Performance metrics

Positive predictive value (PPV) and partial chance-corrected concordance (PCCC) were used to measure agreement for individual COD assignment. PPV is the proportion of assigned CODs that were the ‘true’ COD (hereafter called reference COD), and is a common metric in hospital-based VA comparison studies [17]. PCCC is a variation on the PPV, meant to account for correct COD assignments made purely by chance [15]. As the CCVA methods could assign each VA record several CODs with varying probabilities, we calculated PPV and PCCC for agreement between the reference COD and the CCVA’s most probable COD, and for the three most probable CODs. These two measures were simply interpreted as whether the reference COD matched the CCVA method’s most probable cause, or matched one of the three most probable causes.

At the population level, accuracy was measured using CSMF absolute accuracy and error. CSMF error is the absolute difference between the estimated and reference CSMFs, summed across all causes. CSMF accuracy, as proposed by Murray et al., is determined by dividing the CSMF error by 2(1-minimum(CSMFtrue)), and subtracting this term from one [15]. This is meant to account for the variation in number of CODs across comparisons, and the resulting values are relative to the worst possible performance in a dataset (that is, coding every death incorrectly) [15]. CSMF accuracy and CSMF error are interpreted in opposite directions: good performance yields high CSMF accuracy and low CSMF error. We retained PCCC and CSMF accuracy for comparability to previous IHME publications. Additional file 2 summarizes the equations for the four metrics.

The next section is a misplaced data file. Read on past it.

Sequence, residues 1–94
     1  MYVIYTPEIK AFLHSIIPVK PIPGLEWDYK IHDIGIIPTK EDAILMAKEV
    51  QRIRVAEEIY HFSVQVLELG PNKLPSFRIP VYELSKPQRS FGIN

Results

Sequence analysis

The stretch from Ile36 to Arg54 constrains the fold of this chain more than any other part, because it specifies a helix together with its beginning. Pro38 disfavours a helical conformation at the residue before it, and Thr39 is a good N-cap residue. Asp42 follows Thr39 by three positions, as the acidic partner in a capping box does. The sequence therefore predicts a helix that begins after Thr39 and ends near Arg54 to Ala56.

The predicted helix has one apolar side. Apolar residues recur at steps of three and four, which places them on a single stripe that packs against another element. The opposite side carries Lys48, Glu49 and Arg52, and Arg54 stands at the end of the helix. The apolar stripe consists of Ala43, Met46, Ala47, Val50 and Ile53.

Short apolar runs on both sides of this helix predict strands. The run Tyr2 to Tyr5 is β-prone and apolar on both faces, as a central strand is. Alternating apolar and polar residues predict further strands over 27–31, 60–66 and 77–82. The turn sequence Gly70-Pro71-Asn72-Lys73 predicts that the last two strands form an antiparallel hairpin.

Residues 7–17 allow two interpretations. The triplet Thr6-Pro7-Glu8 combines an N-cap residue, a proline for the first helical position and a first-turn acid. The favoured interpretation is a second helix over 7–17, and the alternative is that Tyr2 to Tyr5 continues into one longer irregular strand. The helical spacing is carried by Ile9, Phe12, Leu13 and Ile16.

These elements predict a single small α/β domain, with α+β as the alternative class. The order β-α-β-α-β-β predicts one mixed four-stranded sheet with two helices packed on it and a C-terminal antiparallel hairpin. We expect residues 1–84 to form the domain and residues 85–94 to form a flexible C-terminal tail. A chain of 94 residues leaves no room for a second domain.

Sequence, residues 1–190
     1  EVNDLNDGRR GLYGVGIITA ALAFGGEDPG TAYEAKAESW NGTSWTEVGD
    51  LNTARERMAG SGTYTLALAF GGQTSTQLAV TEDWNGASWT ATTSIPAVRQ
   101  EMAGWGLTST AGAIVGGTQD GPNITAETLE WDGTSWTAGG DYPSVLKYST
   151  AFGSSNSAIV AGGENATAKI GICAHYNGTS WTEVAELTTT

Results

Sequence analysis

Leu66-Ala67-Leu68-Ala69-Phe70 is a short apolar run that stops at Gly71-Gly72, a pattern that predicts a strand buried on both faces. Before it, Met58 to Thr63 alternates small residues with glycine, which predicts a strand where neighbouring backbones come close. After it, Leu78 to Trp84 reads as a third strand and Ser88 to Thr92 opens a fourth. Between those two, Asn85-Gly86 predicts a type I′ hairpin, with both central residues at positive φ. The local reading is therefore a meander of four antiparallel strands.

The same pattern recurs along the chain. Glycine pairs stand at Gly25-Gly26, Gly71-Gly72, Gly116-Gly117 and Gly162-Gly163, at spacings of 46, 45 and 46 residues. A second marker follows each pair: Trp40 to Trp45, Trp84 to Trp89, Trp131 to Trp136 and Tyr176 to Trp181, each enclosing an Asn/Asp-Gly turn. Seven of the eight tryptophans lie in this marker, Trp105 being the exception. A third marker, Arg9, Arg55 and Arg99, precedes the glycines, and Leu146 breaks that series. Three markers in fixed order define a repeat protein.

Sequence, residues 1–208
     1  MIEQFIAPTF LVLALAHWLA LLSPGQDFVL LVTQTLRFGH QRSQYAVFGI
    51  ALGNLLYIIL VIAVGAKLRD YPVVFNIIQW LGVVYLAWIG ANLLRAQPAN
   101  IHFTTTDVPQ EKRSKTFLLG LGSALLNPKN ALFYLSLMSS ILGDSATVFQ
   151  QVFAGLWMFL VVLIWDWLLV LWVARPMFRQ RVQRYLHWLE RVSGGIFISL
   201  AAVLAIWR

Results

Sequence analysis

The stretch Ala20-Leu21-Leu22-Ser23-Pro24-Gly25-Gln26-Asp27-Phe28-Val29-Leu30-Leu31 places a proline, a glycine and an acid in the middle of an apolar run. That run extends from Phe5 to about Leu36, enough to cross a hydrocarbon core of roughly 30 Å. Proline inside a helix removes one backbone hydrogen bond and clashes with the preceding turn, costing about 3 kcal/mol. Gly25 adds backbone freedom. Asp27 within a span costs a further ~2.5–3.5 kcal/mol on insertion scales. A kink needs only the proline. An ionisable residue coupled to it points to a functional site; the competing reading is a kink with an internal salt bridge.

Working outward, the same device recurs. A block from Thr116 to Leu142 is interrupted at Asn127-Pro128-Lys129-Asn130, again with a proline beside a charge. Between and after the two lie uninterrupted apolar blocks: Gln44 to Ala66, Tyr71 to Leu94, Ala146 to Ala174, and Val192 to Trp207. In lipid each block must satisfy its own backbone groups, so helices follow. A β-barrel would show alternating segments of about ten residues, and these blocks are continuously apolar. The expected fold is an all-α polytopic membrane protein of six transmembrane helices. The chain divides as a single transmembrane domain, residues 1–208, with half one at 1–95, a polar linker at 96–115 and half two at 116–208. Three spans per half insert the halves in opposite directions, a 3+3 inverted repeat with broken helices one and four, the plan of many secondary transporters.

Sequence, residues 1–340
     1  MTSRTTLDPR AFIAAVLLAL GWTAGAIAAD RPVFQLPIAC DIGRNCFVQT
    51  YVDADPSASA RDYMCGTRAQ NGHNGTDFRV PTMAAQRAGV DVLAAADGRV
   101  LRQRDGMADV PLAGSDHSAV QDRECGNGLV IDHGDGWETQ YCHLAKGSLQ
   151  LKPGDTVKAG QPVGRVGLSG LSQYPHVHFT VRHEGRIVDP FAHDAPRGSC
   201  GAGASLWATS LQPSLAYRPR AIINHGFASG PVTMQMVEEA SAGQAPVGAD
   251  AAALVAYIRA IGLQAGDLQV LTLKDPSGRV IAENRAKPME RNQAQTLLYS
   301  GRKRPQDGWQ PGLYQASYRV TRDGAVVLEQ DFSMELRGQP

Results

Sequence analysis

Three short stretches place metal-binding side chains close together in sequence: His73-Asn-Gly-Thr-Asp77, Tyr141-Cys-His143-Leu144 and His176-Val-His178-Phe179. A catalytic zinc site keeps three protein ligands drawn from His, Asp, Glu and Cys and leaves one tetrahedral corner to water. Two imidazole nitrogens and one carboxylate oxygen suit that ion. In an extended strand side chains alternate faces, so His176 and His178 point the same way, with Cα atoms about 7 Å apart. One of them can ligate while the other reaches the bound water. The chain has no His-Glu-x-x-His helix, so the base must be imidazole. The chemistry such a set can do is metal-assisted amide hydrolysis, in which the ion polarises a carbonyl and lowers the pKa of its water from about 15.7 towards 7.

Additional file 2. Description of comparison metrics. Formulas and explanation of positive predictive value, partial chance-corrected concordance, CSMF error and CSMF accuracy.

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Individual-level agreement on cause of death